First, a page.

Range anxiety. No two words are more at fault for the dismal sales of electric vehicles (EV) in India.

It was also one of the major talking points at the inauguration of the Urban Mobility Lab in Bengaluru in February 2020. From automakers to ride-sharing companies to government representatives, the who’s who of India’s EV ecosystem gathered to brainstorm about the future of EV adoption. While discussing the need for more widespread public charging infrastructure, the conversation kept veering away from plug-in charging stations to the benefits of swappable batteries, according to an official at the event.

This was no surprise, since the most prominent use case for EVs currently are fleets run by ride-hailing companies like Ola, Uber, Bounce, and Lithium Urban Technologies. And these companies are building their own closed ecosystems. Ola Electric is piloting an electric three-wheeler that will use swappable batteries. Two-wheeler rental startup Bounce is building an electric scooter, again designed with the swap technology. 

The Indian government, however, is pushing plug-in technology, hoping to quell range anxiety. It plans to install 2,600 charging stations in 62 cities under its flagship EV scheme, Faster Adoption and Manufacturing of Electric (& Hybrid) Vehicles (FAME II), targeted more towards private owners than fleet operators.

India has had a decade-long tryst with electric mobility, but the lack of charging infrastructure has stunted EV sales. This, despite the driving range increasing with each new EV. For example, the older Tigor EV from Tata Motors could travel 140km on a single charge, while the latest model has a range of 200km.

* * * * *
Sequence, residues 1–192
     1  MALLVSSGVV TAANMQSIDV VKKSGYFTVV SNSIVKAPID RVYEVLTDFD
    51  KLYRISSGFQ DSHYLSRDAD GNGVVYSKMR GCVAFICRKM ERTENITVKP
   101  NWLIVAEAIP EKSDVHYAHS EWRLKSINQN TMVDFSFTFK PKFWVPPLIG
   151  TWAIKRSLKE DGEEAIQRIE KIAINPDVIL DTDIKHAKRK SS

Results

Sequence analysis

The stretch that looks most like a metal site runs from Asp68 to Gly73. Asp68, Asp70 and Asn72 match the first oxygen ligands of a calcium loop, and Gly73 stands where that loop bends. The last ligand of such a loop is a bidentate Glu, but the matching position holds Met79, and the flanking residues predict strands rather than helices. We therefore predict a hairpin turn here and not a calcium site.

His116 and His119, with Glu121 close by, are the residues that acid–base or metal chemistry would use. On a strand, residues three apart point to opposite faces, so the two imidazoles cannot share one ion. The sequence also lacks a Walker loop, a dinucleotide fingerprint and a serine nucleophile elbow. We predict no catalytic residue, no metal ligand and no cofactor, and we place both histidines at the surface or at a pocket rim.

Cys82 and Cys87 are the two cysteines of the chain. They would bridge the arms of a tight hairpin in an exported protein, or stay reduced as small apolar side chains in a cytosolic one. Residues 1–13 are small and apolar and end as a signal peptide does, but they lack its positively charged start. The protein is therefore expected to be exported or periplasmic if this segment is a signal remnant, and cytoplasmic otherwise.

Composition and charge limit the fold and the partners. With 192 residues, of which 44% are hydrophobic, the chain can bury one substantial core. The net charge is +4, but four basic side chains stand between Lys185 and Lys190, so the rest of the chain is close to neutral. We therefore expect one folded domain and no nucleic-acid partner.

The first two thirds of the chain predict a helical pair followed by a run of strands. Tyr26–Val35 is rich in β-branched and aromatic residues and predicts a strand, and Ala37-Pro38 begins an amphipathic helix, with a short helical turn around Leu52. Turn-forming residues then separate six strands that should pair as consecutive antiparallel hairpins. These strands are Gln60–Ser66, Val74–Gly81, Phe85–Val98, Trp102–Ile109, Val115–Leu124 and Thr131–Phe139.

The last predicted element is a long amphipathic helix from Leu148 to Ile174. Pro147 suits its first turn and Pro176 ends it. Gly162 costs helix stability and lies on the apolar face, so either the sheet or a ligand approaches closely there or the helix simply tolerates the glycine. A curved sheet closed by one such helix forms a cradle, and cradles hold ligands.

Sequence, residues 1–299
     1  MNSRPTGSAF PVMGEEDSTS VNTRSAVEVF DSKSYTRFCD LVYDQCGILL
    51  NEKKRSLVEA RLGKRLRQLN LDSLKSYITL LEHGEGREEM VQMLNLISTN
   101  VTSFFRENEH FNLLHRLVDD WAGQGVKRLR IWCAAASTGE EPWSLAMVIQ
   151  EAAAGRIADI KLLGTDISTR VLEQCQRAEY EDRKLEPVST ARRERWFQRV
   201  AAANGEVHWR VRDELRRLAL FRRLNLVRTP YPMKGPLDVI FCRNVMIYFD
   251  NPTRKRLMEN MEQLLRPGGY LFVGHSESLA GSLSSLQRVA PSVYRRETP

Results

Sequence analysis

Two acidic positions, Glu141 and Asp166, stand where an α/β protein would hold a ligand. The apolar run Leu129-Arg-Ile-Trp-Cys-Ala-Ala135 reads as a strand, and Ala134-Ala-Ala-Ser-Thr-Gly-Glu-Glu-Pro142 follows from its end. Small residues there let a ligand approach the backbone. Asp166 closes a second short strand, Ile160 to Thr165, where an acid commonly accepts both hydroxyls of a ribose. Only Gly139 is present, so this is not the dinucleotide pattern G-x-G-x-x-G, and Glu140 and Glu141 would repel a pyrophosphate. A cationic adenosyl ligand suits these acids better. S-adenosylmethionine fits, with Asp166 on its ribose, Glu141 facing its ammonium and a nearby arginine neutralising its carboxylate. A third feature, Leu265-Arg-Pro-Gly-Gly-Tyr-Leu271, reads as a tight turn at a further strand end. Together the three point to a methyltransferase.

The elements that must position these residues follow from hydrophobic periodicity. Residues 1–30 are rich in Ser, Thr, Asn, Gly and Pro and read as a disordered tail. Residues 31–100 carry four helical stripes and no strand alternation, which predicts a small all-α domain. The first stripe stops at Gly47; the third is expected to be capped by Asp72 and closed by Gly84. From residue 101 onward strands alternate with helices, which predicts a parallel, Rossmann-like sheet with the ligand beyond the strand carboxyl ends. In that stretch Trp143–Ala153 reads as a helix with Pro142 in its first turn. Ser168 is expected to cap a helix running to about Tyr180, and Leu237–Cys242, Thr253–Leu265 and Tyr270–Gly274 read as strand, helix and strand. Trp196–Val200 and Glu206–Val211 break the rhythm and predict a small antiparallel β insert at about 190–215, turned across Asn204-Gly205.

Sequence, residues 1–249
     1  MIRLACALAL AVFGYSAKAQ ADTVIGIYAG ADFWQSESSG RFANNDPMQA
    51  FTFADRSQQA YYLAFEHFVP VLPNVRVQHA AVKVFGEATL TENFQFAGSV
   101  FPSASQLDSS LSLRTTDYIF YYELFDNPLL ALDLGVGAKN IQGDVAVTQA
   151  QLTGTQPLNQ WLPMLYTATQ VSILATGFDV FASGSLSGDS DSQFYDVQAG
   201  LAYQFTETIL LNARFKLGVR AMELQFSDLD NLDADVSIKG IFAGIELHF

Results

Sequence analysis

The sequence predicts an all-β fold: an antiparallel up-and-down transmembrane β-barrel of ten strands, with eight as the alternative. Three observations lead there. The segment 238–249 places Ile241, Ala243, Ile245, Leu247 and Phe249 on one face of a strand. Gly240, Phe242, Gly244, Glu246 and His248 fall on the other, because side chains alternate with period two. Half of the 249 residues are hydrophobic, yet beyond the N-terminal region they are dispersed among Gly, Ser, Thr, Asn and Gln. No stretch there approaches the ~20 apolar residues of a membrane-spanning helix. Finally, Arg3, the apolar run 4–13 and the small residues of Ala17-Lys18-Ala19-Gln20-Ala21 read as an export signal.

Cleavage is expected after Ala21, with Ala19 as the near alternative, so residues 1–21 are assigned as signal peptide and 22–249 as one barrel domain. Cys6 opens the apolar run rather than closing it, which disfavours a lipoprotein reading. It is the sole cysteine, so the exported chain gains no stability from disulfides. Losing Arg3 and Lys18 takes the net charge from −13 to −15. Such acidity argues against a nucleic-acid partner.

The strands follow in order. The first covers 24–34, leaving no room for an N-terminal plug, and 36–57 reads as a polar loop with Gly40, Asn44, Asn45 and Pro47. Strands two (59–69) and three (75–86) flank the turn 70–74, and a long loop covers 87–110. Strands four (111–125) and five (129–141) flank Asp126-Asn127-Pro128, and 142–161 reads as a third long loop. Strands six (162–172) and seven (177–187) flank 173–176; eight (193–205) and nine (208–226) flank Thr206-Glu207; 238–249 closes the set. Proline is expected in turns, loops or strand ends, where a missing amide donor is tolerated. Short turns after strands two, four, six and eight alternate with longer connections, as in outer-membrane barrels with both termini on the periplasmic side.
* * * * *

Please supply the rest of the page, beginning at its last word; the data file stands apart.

Still, only 1,300 of the 1.8 million passenger vehicles sold nationwide between April and November in 2019 were electric. People aren’t buying EVs due to range anxiety, and automakers aren’t enthused about setting up charging points, blaming low demand.

The cool kid is not at the party

At the Auto Expo in Delhi three weeks back, Kenechi Ayukawa, chief executive of India’s largest automaker, Maruti Suzuki, said the company has postponed releasing the WagonR EV, to 2021, citing the lack of charging stations in the country.

A classic chicken-and-egg problem.

“Whether it is a real problem or a perceived problem, it is a problem, and we have to fix it,” says Ravneet Pokhela, chief business officer of electric scooter maker Ather Energy. The company has 33 charging points across Bengaluru, its biggest market.

Pokhela notes that while FAME II promotes plug-in charging, the standards talked about are suitable for cars, whereas two- and three-wheelers are seen as the first adopters of electric technology. Automakers, too, don’t seem intent on filling the gap—they view public charging stations as expenses rather than profit centres.


Pranav Balakrishnan

Pranav is one among the graduates who joined from ACJ's Bloomberg programme. Pranav writes about mobility and electric vehicles. He also has a keen interest in e-commerce.

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